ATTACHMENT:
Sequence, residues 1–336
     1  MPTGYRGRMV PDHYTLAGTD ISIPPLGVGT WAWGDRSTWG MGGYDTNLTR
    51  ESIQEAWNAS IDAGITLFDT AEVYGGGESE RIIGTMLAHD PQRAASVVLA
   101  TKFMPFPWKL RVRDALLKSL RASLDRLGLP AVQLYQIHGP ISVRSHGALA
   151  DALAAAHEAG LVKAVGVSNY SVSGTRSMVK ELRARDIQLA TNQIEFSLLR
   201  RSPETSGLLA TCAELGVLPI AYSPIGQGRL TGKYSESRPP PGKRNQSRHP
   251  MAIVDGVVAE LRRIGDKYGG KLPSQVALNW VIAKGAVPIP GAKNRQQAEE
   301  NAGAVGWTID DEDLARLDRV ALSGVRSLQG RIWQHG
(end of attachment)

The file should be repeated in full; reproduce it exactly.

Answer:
Sequence, residues 1–336
     1  MPTGYRGRMV PDHYTLAGTD ISIPPLGVGT WAWGDRSTWG MGGYDTNLTR
    51  ESIQEAWNAS IDAGITLFDT AEVYGGGESE RIIGTMLAHD PQRAASVVLA
   101  TKFMPFPWKL RVRDALLKSL RASLDRLGLP AVQLYQIHGP ISVRSHGALA
   151  DALAAAHEAG LVKAVGVSNY SVSGTRSMVK ELRARDIQLA TNQIEFSLLR
   201  RSPETSGLLA TCAELGVLPI AYSPIGQGRL TGKYSESRPP PGKRNQSRHP
   251  MAIVDGVVAE LRRIGDKYGG KLPSQVALNW VIAKGAVPIP GAKNRQQAEE
   301  NAGAVGWTID DEDLARLDRV ALSGVRSLQG RIWQHG